What can you do about the situation? How do you act in order to influence it in an educative way?

You need to imagine ways in which you might begin taking action. You might want at this stage to consult with others about how you could move forward. These others could be your critical friend or your validation group. A validation group is a group of people you invite to look at your research from time to time, and offer critical feedback. The decisions you come to about what action to take will be your own decisions; you take responsibility for what you do. You need to consider your options carefully and decide what you can reasonably expect to achieve, given the time, energy and other resources you have.

Having decided on a possible strategy, you now need to try it out. It might work and it might not. If it does, you will probably want to continue developing it. If it does not, you will probably abandon it, or part of it, and try something else.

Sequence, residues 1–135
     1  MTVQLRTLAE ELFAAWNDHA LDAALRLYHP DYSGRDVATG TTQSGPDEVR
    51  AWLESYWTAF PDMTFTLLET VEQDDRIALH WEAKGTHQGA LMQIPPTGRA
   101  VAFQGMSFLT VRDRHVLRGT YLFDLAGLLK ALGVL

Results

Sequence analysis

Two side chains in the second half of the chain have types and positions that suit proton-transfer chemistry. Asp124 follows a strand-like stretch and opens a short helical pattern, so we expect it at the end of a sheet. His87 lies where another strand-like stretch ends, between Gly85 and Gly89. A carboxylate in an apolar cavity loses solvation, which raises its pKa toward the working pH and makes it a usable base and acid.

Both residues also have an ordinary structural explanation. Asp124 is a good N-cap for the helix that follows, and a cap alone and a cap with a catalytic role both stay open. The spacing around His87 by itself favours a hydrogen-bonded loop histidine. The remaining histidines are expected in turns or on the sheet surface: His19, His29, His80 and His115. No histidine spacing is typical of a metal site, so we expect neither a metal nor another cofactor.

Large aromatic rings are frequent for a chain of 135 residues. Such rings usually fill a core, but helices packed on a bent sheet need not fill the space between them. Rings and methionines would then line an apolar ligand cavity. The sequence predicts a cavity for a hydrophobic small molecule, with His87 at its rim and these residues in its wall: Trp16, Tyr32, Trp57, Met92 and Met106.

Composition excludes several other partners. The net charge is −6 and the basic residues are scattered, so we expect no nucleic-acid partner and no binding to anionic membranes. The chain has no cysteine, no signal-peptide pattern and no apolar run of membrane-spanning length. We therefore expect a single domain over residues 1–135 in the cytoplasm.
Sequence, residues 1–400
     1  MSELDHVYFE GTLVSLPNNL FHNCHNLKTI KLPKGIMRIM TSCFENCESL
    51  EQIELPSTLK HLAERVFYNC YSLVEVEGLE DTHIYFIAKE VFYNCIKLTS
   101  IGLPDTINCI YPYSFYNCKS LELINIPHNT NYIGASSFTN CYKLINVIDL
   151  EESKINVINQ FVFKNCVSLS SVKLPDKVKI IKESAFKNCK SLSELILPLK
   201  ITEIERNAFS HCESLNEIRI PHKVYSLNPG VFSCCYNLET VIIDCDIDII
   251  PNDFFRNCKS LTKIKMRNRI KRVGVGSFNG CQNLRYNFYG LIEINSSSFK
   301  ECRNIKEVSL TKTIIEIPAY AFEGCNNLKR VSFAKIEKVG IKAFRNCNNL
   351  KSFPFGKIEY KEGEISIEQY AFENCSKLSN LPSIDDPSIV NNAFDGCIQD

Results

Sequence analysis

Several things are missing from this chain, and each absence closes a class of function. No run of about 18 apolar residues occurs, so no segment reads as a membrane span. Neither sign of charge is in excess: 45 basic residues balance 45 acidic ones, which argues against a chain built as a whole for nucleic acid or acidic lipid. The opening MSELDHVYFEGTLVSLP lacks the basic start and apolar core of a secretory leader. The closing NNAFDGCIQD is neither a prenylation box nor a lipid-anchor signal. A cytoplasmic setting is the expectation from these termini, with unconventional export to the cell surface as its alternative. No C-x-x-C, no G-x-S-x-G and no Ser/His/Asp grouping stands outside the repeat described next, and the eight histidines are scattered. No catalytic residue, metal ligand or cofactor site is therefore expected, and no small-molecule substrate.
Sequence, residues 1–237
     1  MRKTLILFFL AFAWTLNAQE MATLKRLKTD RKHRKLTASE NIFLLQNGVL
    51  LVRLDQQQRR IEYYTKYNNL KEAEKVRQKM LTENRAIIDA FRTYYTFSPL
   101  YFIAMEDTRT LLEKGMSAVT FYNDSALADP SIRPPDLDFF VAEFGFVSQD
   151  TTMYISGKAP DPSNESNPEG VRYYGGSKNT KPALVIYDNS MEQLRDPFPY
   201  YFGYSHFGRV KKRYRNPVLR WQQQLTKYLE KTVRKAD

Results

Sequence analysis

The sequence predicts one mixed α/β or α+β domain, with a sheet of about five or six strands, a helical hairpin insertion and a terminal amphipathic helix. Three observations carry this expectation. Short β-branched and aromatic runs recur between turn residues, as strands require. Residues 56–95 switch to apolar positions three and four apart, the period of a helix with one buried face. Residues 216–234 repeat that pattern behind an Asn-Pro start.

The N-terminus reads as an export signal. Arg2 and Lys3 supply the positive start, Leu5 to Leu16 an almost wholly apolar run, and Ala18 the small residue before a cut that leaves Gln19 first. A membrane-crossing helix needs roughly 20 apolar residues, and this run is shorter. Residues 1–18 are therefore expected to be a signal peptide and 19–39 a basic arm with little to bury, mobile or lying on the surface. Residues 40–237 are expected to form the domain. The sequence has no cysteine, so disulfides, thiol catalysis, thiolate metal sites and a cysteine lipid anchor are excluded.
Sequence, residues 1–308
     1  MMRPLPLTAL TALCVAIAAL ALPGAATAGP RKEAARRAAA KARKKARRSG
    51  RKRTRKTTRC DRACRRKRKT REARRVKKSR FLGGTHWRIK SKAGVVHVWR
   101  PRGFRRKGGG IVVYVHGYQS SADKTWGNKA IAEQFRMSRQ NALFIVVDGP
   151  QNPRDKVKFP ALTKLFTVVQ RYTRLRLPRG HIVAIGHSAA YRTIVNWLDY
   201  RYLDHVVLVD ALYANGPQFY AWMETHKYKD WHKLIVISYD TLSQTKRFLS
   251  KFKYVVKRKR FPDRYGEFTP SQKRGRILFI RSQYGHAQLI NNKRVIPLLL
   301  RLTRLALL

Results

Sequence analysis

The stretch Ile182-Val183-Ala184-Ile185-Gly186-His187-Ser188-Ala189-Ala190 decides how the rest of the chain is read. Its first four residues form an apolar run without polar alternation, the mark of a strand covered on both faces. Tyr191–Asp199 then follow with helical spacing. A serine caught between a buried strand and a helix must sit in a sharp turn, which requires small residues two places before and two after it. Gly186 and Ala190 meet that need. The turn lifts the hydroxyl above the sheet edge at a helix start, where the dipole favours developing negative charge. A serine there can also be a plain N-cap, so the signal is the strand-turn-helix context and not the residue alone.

What kind of evidence can you gather to show your educative influence?

This is your second set of data, which will also turn into evidence by meeting your nominated criteria. You can use the same, or different, data-gathering methods that you used before. Perhaps you used surveys and interviews to gather your first set of data; now you might want to use audio and video tape recordings which will capture not only people’s words but also their expressions and body language. You should try to show, through this set of data, whether there is an improvement in the situation, even though that improvement might be very small. You might also be able to show a development in your own thinking and learning. This is an integral part of the action research process.